The goats are the lowest on the herd hierarchy, so are best on their own. On the farm, there are also Nigerian Dwarf, Pygmy and French Alpine goats. The Angoras are among the largest, however; they are pushed aside by even the smallest Pygmy goat.
Because they are horned and large, they cannot eat through feeders as easily. As a matter of fact, feeding them is a problem. They require a high protein food to keep their body condition up because they are producing so much fiber and the fiber is all protein. Most Angora breeders have resorted to feeding pellets to keep the alfalfa hay out of the fibers and to provide the high protein requirements, plus the copper and other minerals required. The angoras on this farm are fed with the other goats, but have to be fed in a different place and even then they are pushed aside. They receive 50% alfalfa hay, green and fresh, as do the rest of the ruminants on the farm and are doing well with it, but their fiber is ruined because of it. One goat in particular stands under the others as they feed, and the fine leaves of the alfalfa go onto the back and catch in the fiber. This is extremely difficult to clean and results in a ruined fiber crop.
The goats produce such copious amounts of mohair, they need to be sheared twice annually and their hooves grow at that same rate and need constant maintenance. But here, in northeastern Alberta, it is very cold in the winter and timing must be precise. We have cold springs too so shearing early in March and early in September is ideal. The goats shiver and are cold and require extra care for the first few weeks after shearing.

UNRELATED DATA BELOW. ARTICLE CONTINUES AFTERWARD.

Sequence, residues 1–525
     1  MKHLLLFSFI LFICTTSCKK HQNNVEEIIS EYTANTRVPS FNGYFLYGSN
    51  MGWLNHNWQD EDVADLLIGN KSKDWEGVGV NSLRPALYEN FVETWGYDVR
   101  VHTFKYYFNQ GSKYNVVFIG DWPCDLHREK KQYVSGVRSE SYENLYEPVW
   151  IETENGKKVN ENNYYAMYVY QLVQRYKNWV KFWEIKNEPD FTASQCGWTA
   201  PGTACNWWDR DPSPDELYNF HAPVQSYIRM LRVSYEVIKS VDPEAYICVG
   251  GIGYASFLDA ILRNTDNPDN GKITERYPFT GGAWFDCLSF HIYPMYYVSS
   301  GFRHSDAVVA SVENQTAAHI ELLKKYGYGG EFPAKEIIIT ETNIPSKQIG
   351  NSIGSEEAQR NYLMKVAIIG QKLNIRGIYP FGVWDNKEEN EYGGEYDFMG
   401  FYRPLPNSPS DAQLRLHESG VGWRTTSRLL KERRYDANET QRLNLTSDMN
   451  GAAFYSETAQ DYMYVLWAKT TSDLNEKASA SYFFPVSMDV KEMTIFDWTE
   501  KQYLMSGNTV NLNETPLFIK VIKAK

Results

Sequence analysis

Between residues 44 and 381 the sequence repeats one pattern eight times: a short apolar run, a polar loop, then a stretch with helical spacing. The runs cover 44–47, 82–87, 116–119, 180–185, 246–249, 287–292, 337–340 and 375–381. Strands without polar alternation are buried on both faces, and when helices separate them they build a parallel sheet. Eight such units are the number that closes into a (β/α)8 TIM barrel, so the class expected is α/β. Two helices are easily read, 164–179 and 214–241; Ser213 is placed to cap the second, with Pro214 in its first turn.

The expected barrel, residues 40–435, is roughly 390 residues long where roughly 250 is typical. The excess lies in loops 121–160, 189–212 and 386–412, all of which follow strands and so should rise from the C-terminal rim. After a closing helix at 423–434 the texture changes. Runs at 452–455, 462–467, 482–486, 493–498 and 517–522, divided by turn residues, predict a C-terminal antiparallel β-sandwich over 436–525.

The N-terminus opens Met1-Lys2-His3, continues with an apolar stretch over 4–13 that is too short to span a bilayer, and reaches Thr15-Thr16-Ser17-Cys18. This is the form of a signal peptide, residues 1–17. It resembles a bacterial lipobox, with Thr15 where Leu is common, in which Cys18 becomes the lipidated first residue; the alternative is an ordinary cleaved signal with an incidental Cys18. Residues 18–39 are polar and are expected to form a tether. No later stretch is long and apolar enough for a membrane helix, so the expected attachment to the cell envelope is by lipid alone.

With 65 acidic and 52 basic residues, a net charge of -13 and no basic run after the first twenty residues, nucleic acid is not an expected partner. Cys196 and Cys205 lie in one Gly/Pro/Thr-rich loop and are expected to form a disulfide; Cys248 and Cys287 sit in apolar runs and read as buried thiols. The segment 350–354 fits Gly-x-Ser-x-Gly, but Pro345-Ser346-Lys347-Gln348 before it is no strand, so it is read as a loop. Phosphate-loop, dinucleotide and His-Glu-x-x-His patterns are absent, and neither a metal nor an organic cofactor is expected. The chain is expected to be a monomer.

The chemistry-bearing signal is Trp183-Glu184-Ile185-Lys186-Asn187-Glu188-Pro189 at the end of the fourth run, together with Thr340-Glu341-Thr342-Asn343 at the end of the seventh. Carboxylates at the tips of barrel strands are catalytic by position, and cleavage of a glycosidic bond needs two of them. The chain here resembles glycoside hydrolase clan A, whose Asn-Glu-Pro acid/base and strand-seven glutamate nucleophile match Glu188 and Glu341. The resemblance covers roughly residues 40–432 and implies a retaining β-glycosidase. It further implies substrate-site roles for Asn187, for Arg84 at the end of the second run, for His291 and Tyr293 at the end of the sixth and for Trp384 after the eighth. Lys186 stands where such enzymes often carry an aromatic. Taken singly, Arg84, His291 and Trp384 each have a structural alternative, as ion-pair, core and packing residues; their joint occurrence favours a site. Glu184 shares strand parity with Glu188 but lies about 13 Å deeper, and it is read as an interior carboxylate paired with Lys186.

The goats do not produce twins as often as they do have single births. The babies are weak when born, not robust and running as the Pygmy babies, for example, and the mothers often need assistance and care to ensure they tend the babies properly. It is crucial that the baby drinks within a short period after birthing. The last first time mother booted her baby away and did not understand she was supposed to feed him. Many times daily, I had to coral her and hold her so he could nurse, until she got the idea.
So, with the intensive management that Angora goats require, they will be leaving the farm. I may keep #72, who seems to be hardier than her sisters, just for her fiber, which also is exceptional. She would be bred to either an Angora or Pygmy, depending on how this crop of babies turns out. The Angora was turned out to breed all the goats, hoping to produce some Pygoras and Nygoras, crosses that produce coloured different fiber quite sought after by handspinners.
There is one buckling from last March, not related to the two females that will be for sale this year. They are purebred and from registered stock, but not registered. Their tags are still in place and if the buyer wishes to register them, it would be quite simple and not expensive. But, that is it for the Angora trial on the Fat Ewe Farm! Learning is by trial and now I know. They are simply much too much effort for the farm to keep and since there is no demand for fiber with vegetative matter and they will not be switched to pellets, because they contain GMO grains, they simply do not fit in. So, long. It was nice to know ya'!